By: Pastor Dave Hentschel
As we enter the season of advent, we embark on a journey of anticipation, and our hearts are filled with the flickering flame of hope. In a world often shadowed by uncertainty, the advent wreath reminds us that a light pierces through the darkness.
In the Gospel of Luke, we encounter the story of a young woman named Mary, who, despite her initial fear and confusion, embraced the divine calling upon her life. Her “yes” to God became a resounding note of hope for all humanity. In the quiet town of Bethlehem, in the humblest of settings, hope was born.
In the sixth month of Elizabeth’s pregnancy, God sent the angel Gabriel to Nazareth, a town in Galilee, to a virgin pledged to be married to a man named Joseph, a descendant of David. The virgin’s name was Mary. The angel went to her and said, “Greetings, you who are highly favored! The Lord is with you.” Mary was greatly troubled at his words and wondered what kind of greeting this might be. But the angel said to her, “Do not be afraid, Mary; you have found favor with God. You will conceive and give birth to a son, and you are to call him Jesus. He will be great and will be called the Son of the Most High. The Lord God will give him the throne of his father David, and he will reign over Jacob’s descendants forever; his kingdom will never end.” “How will this be,” Mary asked the angel, “since I am a virgin?” The angel answered, “The Holy Spirit will come on you, and the power of the Most High will overshadow you. So the holy one to be born will be called the Son of God. Even Elizabeth your relative is going to have a child in her old age, and she who was said to be unable to conceive is in her sixth month. For no word from God will ever fail.” “I am the Lord’s servant,” Mary answered. “May your word to me be fulfilled.” Then the angel left her.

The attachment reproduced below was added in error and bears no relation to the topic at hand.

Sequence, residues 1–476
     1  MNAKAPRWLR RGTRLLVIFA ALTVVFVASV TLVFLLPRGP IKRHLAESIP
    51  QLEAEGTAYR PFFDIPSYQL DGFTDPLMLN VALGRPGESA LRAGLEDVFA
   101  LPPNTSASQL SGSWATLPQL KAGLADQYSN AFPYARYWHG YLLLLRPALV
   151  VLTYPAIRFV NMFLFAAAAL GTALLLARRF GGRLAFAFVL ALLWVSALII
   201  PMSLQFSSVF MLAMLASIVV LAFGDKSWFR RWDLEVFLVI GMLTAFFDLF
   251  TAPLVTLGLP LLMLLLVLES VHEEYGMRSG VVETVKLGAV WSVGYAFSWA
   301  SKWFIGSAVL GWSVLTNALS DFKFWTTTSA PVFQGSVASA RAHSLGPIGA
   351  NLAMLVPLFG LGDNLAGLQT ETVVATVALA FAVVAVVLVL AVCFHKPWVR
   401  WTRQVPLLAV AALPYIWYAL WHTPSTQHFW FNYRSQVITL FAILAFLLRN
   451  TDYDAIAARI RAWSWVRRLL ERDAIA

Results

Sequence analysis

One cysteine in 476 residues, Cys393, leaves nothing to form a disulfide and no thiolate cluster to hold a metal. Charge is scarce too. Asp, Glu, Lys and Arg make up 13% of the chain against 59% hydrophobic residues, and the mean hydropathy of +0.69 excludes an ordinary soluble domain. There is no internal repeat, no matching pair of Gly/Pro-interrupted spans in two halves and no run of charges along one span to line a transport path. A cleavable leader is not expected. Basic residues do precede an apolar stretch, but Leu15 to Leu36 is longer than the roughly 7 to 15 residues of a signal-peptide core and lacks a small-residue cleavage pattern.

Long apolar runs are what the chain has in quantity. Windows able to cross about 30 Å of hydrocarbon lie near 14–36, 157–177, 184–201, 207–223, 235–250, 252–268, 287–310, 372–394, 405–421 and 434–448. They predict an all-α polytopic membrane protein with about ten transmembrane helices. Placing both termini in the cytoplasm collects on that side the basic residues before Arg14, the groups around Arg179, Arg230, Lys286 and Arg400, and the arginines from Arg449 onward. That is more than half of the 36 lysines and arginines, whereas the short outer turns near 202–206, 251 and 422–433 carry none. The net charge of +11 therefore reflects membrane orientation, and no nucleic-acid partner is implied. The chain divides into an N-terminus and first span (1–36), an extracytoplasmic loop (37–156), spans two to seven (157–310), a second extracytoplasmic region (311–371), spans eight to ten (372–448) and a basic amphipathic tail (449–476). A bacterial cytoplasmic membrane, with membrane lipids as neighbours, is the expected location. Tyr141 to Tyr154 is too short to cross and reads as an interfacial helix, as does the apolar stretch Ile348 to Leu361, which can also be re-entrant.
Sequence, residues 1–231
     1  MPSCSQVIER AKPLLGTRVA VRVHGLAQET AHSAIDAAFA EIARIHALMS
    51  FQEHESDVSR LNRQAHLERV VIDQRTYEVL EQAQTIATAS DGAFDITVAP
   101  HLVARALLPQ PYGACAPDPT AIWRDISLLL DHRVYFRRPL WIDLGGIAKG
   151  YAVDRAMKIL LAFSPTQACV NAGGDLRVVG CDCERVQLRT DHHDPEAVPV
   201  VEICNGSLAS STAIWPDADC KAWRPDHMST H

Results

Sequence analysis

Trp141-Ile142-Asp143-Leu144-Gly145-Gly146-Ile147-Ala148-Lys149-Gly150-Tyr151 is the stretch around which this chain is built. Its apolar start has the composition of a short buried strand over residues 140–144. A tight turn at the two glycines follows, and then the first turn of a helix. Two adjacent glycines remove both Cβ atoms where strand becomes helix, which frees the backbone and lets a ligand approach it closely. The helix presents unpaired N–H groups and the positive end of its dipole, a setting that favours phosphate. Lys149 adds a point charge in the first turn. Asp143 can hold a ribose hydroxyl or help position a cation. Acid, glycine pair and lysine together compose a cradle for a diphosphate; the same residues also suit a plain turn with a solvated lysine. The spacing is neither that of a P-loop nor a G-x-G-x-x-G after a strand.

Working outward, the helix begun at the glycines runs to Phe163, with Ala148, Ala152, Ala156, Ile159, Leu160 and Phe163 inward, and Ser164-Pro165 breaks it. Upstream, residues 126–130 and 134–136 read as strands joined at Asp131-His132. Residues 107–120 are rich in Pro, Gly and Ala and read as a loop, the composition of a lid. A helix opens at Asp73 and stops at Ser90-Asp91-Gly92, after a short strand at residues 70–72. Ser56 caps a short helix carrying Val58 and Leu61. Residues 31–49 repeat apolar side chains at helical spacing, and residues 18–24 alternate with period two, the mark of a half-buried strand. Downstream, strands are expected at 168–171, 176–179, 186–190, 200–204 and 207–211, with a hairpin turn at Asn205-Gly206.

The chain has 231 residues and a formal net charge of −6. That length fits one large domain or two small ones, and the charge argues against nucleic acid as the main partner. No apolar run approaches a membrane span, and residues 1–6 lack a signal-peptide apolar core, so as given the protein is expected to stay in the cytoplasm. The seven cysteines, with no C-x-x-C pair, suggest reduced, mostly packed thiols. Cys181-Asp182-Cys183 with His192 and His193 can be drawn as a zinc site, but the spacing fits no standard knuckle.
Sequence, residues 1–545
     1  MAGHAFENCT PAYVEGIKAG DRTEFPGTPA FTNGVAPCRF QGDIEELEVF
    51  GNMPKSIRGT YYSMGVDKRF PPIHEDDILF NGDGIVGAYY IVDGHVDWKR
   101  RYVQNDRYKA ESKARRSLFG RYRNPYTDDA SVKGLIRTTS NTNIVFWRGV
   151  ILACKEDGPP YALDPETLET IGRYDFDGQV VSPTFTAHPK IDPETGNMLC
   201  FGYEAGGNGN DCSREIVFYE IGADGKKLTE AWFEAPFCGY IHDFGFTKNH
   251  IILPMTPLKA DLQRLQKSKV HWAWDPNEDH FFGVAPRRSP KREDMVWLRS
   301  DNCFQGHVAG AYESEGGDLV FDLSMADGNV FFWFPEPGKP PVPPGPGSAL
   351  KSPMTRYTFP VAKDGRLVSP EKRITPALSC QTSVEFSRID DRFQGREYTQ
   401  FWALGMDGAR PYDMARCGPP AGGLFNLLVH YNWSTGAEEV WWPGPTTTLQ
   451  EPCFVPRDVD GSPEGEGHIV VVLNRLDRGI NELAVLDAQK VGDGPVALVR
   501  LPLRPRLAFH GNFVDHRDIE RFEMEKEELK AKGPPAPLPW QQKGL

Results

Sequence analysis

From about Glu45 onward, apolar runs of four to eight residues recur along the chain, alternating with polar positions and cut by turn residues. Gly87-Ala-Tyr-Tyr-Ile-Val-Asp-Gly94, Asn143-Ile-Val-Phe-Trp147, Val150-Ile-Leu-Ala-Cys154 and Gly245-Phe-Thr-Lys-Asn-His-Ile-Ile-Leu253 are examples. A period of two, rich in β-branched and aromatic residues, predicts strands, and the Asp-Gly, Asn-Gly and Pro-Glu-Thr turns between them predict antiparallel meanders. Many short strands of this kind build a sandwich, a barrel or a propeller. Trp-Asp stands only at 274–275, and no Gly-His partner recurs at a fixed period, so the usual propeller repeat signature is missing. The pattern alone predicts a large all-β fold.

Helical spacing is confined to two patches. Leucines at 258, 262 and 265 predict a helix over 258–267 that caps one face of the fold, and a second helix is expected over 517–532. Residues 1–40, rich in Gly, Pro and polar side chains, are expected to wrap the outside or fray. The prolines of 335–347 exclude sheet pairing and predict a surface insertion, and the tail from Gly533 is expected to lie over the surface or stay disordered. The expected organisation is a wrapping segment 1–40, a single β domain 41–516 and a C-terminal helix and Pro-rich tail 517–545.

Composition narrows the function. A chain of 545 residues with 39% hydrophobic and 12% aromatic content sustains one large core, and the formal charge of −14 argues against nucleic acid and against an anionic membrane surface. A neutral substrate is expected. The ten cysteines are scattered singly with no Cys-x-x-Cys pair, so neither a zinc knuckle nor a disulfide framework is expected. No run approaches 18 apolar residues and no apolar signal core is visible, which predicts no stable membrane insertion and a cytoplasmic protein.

(Luke 1:26-38, NIV)
Hope is more than wishful thinking; it is the confident expectation that God’s promises will be fulfilled. As we light the first candle on our advent wreath, let it symbolize the flame of hope ignited within us. The prophet Isaiah foretold a coming Messiah, a Prince of Peace who would bring hope to a broken world. This hope is not just historical; it is a living reality today.
In the midst of challenges and uncertainties, we can find hope in the promises of God. The psalmist declares, “The Lord is my light and my salvation; whom shall I fear?” (Psalm 27:1). Our hope is anchored in the unchanging character of God, who is our refuge and strength.
This advent, let us cultivate a spirit of hope. Take a moment each day to reflect on the source of your hope. Is it in circumstances or in the unchanging love of God? As we await the celebration of Christ’s birth, let the flame of hope burn brightly within us, dispelling the shadows and pointing us to the true Light of the world.
May this season be a time of renewed hope, a reminder that the Light shines in the darkness, and the darkness has not overcome it.